The National Security Act, 1980 (NSA) was introduced by former Prime Minister Late Indira Gandhi through Ordinance. NSA traces back its origins from Colonial Era from legislations such as the Bengal Regulation III in 1818, the Rowlatt Act in 1919, the Preventive Detention Act, 1950 and the controversial predecessor Maintenance of Internal Security Act (MISA) in 1971, which was also introduced by Late Indira Gandhi but was later repealed in 1977. The object of NSA is to provide for preventive detention in certain cases. Therefore, this Article further sheds some light on the issue of Preventive Detention under NSA and such preemptive orders granted within it.

Detention Order

NSA defines the meaning of 'Detention Order'1 as an order given by the Central or the State Government directing that any person be detained to prevent him/her from acting in a manner that is prejudicial to the defense of India, the relations of India with foreign powers, the security of India, maintenance of Public Order or the maintenance of supplies and services essential to the community.2

Extraordinary Powers of Detention Order

Since, the primary objective of the NSA is to detain such persons that are a threat to the security of India, the powers given to the Central and State Government become extraordinary. A Detention Order, for instance, can be executed in any place in India as per the provisions for execution of warrants of arrest of Criminal Procedure Code, 1973 (CrPC) and as per the specifications of the detention order, the person detained can be transferred from one place of detention to another place in the same state or even in a different state. Even the conditions of such detention can be specified to the extent of, but not limited to the maintenance, discipline and punishment for breaches of discipline. Moreover, a person can also be detained from outside the limits of the territorial jurisdiction of the Government or officer making that Detention Order, and that the place of detention can be outside the territorial limits.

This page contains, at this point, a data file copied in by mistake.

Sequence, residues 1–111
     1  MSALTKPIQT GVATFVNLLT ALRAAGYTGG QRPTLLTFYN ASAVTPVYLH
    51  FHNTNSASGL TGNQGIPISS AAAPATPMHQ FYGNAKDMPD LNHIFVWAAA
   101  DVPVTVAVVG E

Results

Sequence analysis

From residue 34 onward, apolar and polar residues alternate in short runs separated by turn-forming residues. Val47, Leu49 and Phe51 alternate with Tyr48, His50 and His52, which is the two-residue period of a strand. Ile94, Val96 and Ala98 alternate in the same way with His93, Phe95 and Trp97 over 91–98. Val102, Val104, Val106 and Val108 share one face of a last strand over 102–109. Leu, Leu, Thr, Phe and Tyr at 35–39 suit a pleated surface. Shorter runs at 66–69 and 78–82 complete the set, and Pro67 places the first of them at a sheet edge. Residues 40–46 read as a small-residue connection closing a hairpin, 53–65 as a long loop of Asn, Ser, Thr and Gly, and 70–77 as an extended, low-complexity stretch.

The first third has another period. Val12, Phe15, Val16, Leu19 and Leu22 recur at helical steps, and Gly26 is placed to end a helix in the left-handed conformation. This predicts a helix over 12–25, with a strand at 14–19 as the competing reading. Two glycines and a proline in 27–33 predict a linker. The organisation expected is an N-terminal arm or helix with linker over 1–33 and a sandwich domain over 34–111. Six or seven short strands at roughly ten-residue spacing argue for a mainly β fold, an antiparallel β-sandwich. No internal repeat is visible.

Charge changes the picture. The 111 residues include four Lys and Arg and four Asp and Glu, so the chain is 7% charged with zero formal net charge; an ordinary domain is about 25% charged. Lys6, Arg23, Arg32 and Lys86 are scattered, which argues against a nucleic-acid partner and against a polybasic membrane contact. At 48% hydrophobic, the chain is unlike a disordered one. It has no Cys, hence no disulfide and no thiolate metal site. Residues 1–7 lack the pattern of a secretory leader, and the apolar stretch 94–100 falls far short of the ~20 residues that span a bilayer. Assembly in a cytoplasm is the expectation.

The detention order will not disclose the grounds of the person's detention if it deems to be against the public interest if disclosed. Furthermore, the Detention Order will not be deemed invalid for the reason, that the grounds on which the order was granted are vague or non-existent, or not relevant to the person mentioned in that order. Also, this provision shall be applied retrospectively i.e. would extend to all the orders that were passed before the addition of this provision to the statute.

As per NSA, the maximum period for which any person may be detained in pursuance of any Detention Order is twelve months from the date of detention, however, the same has to be confirmed by the Advisory Board3. Though subsequent detention order can be made against the same person, the period of both order shall not exceed twelve months.4

No suit or other legal proceeding can be filed against anybody for anything done in good faith or intended to be done in pursuance of the Act.